“The ‘sickness’ of the lover is distinct from other illnesses.

Love is the astrolabe of the secrets of God.”

(Rumi, Masnavi)

Heralded as a great thinker and poet, and relevant 800 years later, Rumi is a favorite amongst many Americans. His verses are plastered on watercolor paintings and hung in the homes of many, ultimately immortalizing his legacy. Rumi spent much of his life learning about Islam; his father was an Islamic scholar, he spent some time in Syria studying Islamic legal codes and was even a seminary teacher in Turkey. More notably, his mentor and great friend Sham e Tabriz taught Rumi fundamental Sufi ideas, which is apparent in his poetry. As a Sufi, Rumi put a heavy emphasis on mindfulness, or Muraqabah: meditating and contemplating the individual’s connection to Allah, being in tune with creation’s connection to Allah or more divine power and the human connection to the systems and flows in the natural environment, which is, essentially, an Islamic ideal. 

Thus, I always wondered why a Western nation steeped in stereotypes and assumptions about minority groups such as Muslims had put a Muslim poet on a pedestal. And, more importantly, why is Rumi’s identity never discussed or acknowledged? The reason Rumi’s poetry is popular in Western dialogues is that it touches on ideas of mindfulness through metaphors of deep, everlasting love. However, in Sufi poetry traditionally, these metaphors are commonly used in comparison to one’s relationship with Allah, emphasizing the idea of experiencing fulfillment through one’s love for Allah. Today’s translations of Rumi’s poetry leave out this quintessential Islamic connection because it doesn’t fit into the accepted narrative. However, Rumi was a Sufi Muslim, and Sufi Islamic theology was the main focus of his writings. 

For my extended essay (a 4,000-word essay per the International Baccalaureate coursework), I decided to learn more about the Islamic influences in Rumi’s works and that of his successors. I chose to write about trends present in Sufi Islamic poetry over time, analyzing the figurative language in three different Sufi poets: Rumi; Allama Iqbal, an Indian poet who inspired the partition between India and Pakistan; and Danial Abdal-Hayy Moore, a current Sufi poet who derives his message from his experience as a Muslim convert. Particularly, I focused on the idea of muraqabah. Working to cultivate muraqabah can strengthen the connection between the individual and Allah, which Rumi, Iqbal and Moore all mentioned in their literature.

Staying true to my exploration of mindfulness, the essay forced me to spend long hours reflecting on the idea of mindfulness (particularly in the shower). After typing the 4,000th word, I let out a sigh of relief. I felt satisfied with my work, believing I had effectively communicated my ideas. 

Six months later, I received my score for the essay, which was lower than I expected. I was disappointed, but only momentarily, because through this essay, I felt I had creative freedom for the first time. I relished my journey through each poem and my newly-founded relationship with muraqabah and my spiritual state. I gained a greater appreciation for poetry, Sufi ideology and myself. Despite the looming score, I’m proud of the essay and the message behind it. I pointed out the connections between the words and muraqabah in Rumi’s poems and those of his successors. I argued that this core idea is present, was always present and will be present in the lines, forever, for if it is Sufi poetry, then the language is derived from the author’s intuitive connection with Allah.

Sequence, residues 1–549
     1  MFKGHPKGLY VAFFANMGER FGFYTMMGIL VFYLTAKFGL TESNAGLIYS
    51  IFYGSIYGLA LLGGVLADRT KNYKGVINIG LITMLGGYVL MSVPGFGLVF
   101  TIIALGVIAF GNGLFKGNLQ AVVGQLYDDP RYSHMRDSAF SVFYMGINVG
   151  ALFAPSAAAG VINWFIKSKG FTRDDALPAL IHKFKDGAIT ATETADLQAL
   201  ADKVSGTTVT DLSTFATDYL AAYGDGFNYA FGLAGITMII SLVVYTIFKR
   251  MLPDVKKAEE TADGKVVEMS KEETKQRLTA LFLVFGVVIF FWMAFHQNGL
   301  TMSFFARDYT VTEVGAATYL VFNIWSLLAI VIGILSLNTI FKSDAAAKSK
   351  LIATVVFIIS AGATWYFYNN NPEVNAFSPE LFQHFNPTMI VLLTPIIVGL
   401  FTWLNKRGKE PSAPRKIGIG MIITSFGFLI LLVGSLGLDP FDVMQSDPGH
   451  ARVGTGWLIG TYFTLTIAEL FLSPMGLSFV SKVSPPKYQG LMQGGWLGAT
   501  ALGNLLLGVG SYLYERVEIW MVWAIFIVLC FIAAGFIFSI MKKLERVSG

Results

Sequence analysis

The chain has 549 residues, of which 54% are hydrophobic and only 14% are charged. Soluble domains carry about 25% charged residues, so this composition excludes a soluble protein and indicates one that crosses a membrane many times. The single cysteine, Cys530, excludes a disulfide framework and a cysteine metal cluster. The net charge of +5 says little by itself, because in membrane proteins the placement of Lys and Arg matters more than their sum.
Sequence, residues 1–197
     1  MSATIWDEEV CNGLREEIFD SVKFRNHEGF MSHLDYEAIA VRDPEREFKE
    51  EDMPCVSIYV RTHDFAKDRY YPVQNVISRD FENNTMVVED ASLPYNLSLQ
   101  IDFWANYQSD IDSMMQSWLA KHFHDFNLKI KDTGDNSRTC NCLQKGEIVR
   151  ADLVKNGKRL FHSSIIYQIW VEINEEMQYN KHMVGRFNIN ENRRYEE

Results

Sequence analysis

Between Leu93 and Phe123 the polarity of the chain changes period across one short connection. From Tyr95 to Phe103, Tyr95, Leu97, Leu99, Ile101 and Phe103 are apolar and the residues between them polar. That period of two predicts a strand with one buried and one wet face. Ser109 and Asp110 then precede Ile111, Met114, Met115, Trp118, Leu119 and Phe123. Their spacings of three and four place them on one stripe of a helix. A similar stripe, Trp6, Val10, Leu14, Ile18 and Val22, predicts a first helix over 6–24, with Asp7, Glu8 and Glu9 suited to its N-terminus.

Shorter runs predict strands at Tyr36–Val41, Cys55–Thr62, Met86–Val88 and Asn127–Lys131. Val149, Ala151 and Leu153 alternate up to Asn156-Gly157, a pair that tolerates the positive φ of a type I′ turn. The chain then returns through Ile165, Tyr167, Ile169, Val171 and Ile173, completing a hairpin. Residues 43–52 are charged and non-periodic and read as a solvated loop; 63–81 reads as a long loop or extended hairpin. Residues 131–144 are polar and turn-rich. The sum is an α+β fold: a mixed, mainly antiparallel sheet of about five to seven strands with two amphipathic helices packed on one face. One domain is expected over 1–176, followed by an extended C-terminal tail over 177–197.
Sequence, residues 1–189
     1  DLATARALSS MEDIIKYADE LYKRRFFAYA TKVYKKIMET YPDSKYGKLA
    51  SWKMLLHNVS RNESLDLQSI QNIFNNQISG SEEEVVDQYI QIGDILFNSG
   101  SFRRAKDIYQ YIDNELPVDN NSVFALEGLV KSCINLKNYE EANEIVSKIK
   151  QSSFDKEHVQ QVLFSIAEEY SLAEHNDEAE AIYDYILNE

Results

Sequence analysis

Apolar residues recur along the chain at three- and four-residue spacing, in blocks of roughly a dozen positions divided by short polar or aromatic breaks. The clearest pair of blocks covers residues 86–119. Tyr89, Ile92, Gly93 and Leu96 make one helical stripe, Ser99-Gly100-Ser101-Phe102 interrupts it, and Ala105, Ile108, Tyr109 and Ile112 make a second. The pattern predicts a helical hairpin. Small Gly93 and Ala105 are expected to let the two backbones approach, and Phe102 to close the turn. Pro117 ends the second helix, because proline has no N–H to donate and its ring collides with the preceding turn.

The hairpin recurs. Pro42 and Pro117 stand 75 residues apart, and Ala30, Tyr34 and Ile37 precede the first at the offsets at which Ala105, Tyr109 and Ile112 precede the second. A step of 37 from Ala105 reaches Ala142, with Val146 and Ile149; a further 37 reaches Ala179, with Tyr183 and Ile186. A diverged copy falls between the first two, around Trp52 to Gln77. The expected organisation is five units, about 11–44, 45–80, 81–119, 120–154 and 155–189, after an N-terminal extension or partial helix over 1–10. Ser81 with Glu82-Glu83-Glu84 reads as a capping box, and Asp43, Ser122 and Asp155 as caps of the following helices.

Each poem I mentioned introduced a new perspective to me of how to view my place in this world and my position before Allah. Rumi showed me that love and Allah are inextricably tied together, and one cannot function without the other. Iqbal’s insights empowered me to be mindful of the control I have over my actions while retaining my connection with Allah. Moore illuminated to me the importance of being mindful of the interconnectedness with the world and Allah.

Though my grade on the piece could have controlled me, I chose how it would affect me, solidifying destiny for myself. Indeed, the score is an indication that I had not been writing with perfect clarity and that I had not properly implemented a structure to the piece. But it also indicates what I gained from my journey with mindfulness and poetry, which I will always cherish. My favorite verse mentioned in the essay is from the book “Bal e Jibril” in Urdu — or “Wing of Gabriel” — by Allama Iqbal. The verse inspires the reader to take charge of themselves and develop confidence. The speaker imagines a direct conversation with Allah, solidifying control over their destiny. 

 

“Develop the self so that before every decree 

God will ascertain from you: ‘What is your wish?’

It is nothing to talk about if I transform base selves into gold:

The passion of my voice is the only alchemy I know!”

(Iqbal, Bal e Jibril)

 

 

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